The first thing you have to consider is format: are you going to use HTML, Text, or a combination of both? HTML allows you to control formatting and fonts, but has the disadvantage that some (very old) email readers might have trouble with it.

There are many types of emails we can get the Serio system to send to customers, but probably the most important are (in Incident Management) Incident Confirmation, Routine Update, and Resolution Confirmation. I will look at each in turn, describing what I think should be included in each. Firstly though, there are a few things that should be found on all three.

If you’ve never tried to edit the content of an email before, it’s easy. Login to SerioAdmin, open up a new Document Explorer, expand ‘email documents’, click ‘eDoc Definition’ and then double-click to edit the email template of your choice. You’ll see you can define two formats (text and HTML) and over on the right you’ll see data (called Placeholders) that contain data. You use these to add variable content to the email – like the customer’s name for instance.

Elements that should be in all outgoing emails

Incident Description. I’ve usually found it best to place this at or toward the bottom of the email. Customer can easily forget what the Incident is about, or confused with reference numbers, so every outgoing email should include the original Incident description. In the Placeholder list, look under ‘Issue/Issue Description’.

Reply Reference. The Reply Reference is usually just the reference number for the ticket with a few characters prefixing it. Including this on your correspondence helps Serio recognise the incoming email as a reply, and correctly affix it to the ticket. Look under ‘Issue/Reply Ref’

Incident Confirmation

This is the email usually sent to customers when they log a new Incident.

Assigned Agent. It’s not always included, but sometimes it’s worthwhile to give the customer information on who is handling their Incident. See ‘Issue Assignment/Assigned agent name’. Alternatively, if you use Owners to manage Incidents (rather than the Assigned Agent) you can include the Owner as the point of contact.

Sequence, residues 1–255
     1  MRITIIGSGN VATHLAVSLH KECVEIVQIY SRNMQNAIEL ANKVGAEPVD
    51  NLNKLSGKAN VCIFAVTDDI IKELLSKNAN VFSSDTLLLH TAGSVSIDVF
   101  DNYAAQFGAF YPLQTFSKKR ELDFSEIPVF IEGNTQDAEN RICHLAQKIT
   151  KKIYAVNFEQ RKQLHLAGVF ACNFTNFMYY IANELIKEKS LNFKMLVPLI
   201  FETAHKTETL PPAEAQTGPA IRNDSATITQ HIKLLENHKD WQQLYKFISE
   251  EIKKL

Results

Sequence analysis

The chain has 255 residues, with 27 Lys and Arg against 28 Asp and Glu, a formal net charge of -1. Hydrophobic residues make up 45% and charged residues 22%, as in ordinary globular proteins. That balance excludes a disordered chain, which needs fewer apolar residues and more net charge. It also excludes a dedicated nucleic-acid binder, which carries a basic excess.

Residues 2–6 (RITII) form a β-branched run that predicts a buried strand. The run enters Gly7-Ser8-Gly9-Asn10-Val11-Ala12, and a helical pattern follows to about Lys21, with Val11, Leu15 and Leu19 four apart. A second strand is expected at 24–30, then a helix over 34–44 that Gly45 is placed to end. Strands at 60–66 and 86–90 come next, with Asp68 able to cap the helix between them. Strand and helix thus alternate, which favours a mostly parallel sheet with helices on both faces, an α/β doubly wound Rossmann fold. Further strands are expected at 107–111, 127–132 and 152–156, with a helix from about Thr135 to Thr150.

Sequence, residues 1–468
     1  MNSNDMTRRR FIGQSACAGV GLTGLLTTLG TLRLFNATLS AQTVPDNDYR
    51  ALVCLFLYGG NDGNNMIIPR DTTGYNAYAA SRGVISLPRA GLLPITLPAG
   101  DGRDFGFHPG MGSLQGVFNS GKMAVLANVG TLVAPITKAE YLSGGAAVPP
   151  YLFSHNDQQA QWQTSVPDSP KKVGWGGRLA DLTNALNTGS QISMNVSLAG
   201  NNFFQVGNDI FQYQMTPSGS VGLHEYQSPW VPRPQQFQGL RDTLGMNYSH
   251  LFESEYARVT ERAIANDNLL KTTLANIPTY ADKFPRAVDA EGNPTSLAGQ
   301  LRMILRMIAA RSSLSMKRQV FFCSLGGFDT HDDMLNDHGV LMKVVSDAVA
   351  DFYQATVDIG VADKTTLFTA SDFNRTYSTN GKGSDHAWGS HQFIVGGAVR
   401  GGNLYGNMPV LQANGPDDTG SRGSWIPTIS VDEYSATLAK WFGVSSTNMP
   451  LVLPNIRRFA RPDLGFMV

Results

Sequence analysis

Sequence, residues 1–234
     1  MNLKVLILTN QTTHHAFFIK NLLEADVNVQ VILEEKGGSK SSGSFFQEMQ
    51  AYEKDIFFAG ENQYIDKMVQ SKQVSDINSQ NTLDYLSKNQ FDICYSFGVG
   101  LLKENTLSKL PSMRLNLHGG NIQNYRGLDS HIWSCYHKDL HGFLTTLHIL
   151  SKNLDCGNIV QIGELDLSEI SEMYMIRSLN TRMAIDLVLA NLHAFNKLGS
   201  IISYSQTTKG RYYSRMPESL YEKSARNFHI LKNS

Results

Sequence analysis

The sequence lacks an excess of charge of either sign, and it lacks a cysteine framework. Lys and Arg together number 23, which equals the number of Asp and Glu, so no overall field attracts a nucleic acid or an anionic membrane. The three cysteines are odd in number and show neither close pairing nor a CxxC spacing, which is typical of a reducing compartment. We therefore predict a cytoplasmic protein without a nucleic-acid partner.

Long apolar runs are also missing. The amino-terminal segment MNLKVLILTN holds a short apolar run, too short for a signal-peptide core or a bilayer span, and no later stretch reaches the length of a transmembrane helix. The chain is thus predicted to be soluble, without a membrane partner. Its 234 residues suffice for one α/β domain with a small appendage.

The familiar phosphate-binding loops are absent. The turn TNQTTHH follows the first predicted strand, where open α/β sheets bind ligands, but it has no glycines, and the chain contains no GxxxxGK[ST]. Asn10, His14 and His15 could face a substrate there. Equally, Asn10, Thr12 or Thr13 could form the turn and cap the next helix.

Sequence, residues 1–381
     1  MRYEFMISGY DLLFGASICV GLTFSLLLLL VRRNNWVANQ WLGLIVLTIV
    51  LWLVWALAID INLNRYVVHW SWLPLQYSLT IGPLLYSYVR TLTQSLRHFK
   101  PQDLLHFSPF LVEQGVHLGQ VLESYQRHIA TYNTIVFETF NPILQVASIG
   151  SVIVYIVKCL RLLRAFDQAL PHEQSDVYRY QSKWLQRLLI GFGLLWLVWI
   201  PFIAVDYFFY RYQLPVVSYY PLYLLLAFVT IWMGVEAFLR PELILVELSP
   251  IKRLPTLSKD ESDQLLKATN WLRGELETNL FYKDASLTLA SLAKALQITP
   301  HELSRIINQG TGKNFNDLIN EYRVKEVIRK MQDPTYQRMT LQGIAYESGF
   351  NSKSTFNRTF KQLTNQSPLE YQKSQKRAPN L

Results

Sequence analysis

Response Target and Resolution Target. If you have an agreed Service Level Agreement, you can consider including your SLA targets. There are two approaches you can take: include the figures in hours and minutes (as in ‘we will try to resolve this Incident in 8 working hours’) or as a target time (‘we will try to resolve this Incident by Wednesday 3rd May 14:00’). Both the response and resolution targets are available to use, and you’ll find them under the ‘SLA’ group – for example ‘SLA/Target primary callback mins’ or ‘S:A/Target completion date time’. Some Helpdesks/Service Desks seem to feel uncomfortable about doing this, but my personal view is that, provided you have a negotiated SLA it is a positive thing to do.

I’ll continue this post tomorrow.

Monday, 30 Apr 2007

This is another in the series of Service Level Management posts I’ve been writing – the last one was on the subject of initial statistics (I'll pick up more about why the initial statistics are needed in later posts). I’ve also posted about defining the services you deliver.

If you are trying to create a Service Level Agreement (SLA) from scratch, there are a few ways I’ve seen of structuring your document.

Based on Services

You can structure your SLA around services, using the Service Catalog as a start point. To give you ideas, here’s an example based on an Invoicing System:


Major Incident: System down, with no availability to users, or significant business process impact with no workaround. High Priority Incident: System available, but with some significant business process impact for which a short-term workaround is available Regular Incident: No significant business process impact, or a small (less than 4) number of users affected


System is required from 8:00 to 18:00 Mon-Fri, excluding public holidays

Service Level Targets:

Major Incident: Achieve 90% resolution within 4 working hours
High Priority: Achieve 90% resolution within 8 working hours
Regular Incident: Achieve 90% resolution within 12 working hours

Notice that what I’ve written above is specific to a particular service, defines ‘grades’ of Incident by severity, and sets targets for Incident resolution. If you are preparing a real SLA for a customer, you’ll need more detail than I have created above. Issues such as reporting intervals, type of metrics to be used, escalation and others may need to be taken into account.

The above example does raise a question it is worth stopping for a moment to consider. If our Invoicing System is delivered over the network, and our network fails, is this an Incident affecting the Invoicing System or Network? If the Invoicing business process is affected then the answer is both and the Incident would be classed as a Major Incident.

Serio users taken note: this is exactly when Incidents can be logged against multiple Systems – so that, for reporting purposes, a single Incident can have multiple affects.

Based on Customer Groups

In addition to services, you can use different customer groups – by departments if you are providing support internally, or by company if you support external customers. Here each group is often a budget holder, which allows for negotiation to take place on service and costs.